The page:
Mr. Hou opposes Taiwan's independence and has avoided expressing a stance on China-related questions during his election campaign. When asked a question about the "one-China" policy at a university forum in June 2023, he dodged the question, citing his inability to manage dicey diplomacy.

"The relationship between the two sides of the Taiwan Strait is clear. We don't need to get it confused. ... It is completely based on the constitution of the Republic of China," he said at the time.

On Jan. 9, Mr. Lai told reporters that China is engaging in "unprecedented" levels of interference, ranging from "political and military pressure," to "economic means, cognitive warfare, disinformation, threats, and incentives."

Since last month, Taiwan's Defense Ministry has reported nearly 20 instances of Chinese high-altitude balloons flying over the Taiwan Strait, with some passing over military bases. The ministry stated that it detected three more balloons on Jan. 8.

"If we consider the timing for now, I think [the] balloon is being used as a cheap measure, to send out signals to the Taiwanese voters," Mr. Liu said. China wants to show Taiwanese voters that it has the ability to interfere in Taiwanese airspace, he said.

Balloons are more difficult for defense forces to deal with than traditional aircraft. They're difficult to shoot down because of the high altitude at which they fly. Missile systems don't recognize them as the kind of target they were designed to attack, such as enemy planes. And from a psychological standpoint, they're menacing while not sending a direct threat, as a fighter jet would.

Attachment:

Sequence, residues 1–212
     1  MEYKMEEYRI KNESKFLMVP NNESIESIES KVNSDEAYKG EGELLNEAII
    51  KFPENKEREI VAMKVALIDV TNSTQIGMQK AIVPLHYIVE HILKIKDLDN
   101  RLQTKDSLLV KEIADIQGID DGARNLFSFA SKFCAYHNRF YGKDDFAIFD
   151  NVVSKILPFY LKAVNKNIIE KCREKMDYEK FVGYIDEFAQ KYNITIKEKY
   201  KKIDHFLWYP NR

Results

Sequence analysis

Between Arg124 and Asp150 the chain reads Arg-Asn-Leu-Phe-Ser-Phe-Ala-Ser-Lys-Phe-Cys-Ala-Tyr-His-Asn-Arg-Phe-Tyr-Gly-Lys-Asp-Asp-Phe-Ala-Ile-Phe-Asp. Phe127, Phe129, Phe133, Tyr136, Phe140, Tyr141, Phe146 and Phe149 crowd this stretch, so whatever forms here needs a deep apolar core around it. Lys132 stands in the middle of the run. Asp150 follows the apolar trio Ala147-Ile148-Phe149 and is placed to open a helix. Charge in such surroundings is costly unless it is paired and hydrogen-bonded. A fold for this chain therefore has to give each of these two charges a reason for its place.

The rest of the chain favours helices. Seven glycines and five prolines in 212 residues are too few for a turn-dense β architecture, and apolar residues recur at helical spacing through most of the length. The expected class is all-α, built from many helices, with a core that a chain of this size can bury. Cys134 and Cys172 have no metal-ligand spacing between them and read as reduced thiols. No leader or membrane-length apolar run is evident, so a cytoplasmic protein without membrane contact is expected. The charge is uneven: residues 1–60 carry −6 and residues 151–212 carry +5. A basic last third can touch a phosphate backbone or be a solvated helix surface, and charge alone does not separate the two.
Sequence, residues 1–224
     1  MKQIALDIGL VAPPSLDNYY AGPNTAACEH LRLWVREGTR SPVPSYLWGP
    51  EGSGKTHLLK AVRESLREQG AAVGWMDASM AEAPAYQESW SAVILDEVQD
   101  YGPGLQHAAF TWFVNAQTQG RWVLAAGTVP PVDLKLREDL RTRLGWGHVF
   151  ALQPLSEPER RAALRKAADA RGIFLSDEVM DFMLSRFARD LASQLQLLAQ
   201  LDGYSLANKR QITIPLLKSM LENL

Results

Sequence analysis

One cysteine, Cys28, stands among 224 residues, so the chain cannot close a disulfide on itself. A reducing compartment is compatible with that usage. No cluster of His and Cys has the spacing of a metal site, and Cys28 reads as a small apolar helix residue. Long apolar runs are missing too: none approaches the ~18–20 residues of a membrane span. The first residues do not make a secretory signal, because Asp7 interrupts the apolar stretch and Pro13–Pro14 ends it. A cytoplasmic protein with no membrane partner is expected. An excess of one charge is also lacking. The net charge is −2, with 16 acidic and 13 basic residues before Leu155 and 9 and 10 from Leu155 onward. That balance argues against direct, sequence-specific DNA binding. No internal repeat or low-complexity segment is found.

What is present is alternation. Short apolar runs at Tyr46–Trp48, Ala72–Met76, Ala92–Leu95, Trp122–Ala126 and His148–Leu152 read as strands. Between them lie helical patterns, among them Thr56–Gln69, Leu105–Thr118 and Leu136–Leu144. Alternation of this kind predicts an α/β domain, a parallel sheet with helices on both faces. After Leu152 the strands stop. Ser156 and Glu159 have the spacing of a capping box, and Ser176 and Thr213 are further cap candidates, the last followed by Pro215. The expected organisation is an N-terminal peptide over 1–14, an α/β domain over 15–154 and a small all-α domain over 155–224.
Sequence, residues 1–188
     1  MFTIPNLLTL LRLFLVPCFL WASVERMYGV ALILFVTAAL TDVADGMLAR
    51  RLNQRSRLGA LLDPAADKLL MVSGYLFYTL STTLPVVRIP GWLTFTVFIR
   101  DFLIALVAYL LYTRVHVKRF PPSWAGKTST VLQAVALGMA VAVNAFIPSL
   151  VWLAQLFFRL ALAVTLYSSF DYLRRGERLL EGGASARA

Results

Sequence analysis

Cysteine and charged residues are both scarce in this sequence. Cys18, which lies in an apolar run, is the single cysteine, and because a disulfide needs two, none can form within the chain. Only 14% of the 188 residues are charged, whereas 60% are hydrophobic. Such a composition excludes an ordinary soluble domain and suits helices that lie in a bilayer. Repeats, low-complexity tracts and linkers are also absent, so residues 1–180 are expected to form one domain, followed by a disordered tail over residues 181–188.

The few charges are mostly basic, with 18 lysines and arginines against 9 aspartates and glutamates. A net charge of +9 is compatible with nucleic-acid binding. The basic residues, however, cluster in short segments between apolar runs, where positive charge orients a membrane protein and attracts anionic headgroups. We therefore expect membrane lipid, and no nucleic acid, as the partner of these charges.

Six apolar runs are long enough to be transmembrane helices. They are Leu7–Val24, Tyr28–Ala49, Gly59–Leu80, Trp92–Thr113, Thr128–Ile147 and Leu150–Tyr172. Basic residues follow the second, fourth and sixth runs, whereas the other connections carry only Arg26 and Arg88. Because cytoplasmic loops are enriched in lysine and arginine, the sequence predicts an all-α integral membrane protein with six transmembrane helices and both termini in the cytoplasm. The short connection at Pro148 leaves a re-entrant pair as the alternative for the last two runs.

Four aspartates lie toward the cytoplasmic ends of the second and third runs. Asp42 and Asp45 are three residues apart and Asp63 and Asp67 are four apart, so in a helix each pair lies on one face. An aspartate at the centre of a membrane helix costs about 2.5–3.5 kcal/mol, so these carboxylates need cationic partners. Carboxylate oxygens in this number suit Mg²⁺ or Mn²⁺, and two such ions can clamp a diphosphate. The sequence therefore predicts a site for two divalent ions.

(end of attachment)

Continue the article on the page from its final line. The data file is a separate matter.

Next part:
Mr. Liu said that from a practical standpoint, using spy balloons is like killing two birds with one stone. It sends a signal with "a combination of the political tool and the military tool as well, at [a] lower cost."

He said he thinks that despite China's best efforts, Taiwanese voters won't be easily influenced. He said China sympathizers are mainly limited to older generations. The younger generation of Taiwanese voters sees themselves as separate from China.

"They clearly recognize that China and Taiwan are different countries ... we speak the same language, we share the culture, we understand each other by talking. But we are different, because the major difference lies in our political institutions, our democratic system," Mr. Liu said.

He said Taiwanese voters haven't been overly anxious about the events of the next few days.

"I think, relatively so far, six days before the election, I think things are quite tranquil here," Mr. Liu told The Epoch Times. "Many people have bought their ticket to travel from their city of work to their place to vote, including me."

This article includes the valuable insights of Prof. Roger Liu, Faculty of International Studies, FLAME University.

(Source:- https://www.theepochtimes.com/world/narrow-victory-gap-between-candidates-increases-fear-of-ccp-interference-in-taiwans-elections-expert-5562256?welcomeuser=1 )